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Friday, January 8, 2010

Does the A1H1 Vaccine Causes a Dangerous Side Effect?


In a blog article posted on November 12, 2009 in Wellsphere, I read about a 14-year old athlete in Virginia that suffered from GBS (Guillain Barre Syndrome) 18 hours after having an A1H1 vaccine shot. If the article is accurate, the incident is very troubling especially for me who has suffered from the same disease.

According to the article, “Jordan McFarland, a high school athlete from Alexandria, Virginia, left Inova Fairfax Hospital for Children Tuesday night in a wheelchair nearly a week after developing severe headaches, muscle spasms and weakness in his legs following a swine flu shot. He will likely need the assistance of a walker for four to six weeks, plus extensive physical therapy.”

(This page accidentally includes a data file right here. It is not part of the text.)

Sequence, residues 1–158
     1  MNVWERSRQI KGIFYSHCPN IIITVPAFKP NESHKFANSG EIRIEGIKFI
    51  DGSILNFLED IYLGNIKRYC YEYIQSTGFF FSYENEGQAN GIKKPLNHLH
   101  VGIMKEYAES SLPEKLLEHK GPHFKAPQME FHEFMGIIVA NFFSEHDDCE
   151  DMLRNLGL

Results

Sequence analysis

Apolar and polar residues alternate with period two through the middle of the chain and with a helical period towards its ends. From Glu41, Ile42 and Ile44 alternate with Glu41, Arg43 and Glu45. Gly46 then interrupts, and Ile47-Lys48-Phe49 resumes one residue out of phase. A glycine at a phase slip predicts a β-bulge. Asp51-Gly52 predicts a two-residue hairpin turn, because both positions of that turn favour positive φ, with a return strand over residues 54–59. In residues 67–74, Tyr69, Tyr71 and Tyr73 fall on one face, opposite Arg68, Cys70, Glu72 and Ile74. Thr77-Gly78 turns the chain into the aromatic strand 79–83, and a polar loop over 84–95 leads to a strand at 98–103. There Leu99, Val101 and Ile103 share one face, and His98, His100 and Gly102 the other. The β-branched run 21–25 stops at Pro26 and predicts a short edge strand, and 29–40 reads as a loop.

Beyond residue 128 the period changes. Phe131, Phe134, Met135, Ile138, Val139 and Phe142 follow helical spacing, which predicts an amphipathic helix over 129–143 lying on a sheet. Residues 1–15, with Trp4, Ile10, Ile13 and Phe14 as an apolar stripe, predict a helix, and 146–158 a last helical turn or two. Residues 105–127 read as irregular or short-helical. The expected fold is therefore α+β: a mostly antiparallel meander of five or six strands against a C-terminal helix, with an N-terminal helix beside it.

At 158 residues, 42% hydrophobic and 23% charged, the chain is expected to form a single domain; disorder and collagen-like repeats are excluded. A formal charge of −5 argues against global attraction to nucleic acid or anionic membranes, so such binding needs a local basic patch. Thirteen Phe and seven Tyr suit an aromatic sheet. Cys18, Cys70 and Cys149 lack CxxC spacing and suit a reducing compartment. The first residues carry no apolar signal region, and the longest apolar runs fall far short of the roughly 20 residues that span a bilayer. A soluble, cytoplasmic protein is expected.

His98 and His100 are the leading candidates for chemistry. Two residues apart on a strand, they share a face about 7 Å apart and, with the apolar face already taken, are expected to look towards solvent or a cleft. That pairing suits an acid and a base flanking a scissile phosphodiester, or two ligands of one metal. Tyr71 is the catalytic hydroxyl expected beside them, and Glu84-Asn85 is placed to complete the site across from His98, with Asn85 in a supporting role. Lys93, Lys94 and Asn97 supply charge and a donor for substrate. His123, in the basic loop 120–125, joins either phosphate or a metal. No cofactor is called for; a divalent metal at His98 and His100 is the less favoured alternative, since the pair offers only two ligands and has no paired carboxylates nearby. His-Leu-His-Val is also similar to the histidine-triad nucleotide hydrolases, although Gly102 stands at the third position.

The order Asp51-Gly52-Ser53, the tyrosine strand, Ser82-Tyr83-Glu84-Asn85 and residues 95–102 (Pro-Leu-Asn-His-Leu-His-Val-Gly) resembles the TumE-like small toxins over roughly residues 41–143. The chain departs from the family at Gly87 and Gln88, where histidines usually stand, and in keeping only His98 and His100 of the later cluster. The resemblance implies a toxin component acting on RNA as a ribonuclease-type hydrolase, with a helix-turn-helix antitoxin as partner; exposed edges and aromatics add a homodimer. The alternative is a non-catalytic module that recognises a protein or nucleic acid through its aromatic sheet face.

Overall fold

What is more troubling is the statement CDC (Centers for Disease Control) spokesperson and deputy director for immunization safety Dr. Claudia J. Vellozzi has released. She says that GBS and other illnesses occur routinely in the United States and doctors diagnose about 80 to 120 cases in the general population. She is saying that these are ordinary events that follow vaccination like vaccine autism cases.

Perhaps, she is trying to downplay the occurrence so as not to create panic among the population but I do not think that such incident should be a welcome side effect of a vaccine shot. Paralysis is not as simple as a fever. It does not seem logical that in the attempt to prevent the spread of a particular disease, you will be inflicting an even more dangerous disease. GBS can be fatal!!

I cannot accept that it is just coincidental. Medical practitioners should be wary in administering the A1H1 vaccine. People who just want to be safe from a deadly disease do not deserve or need a possible fatal coincidence.

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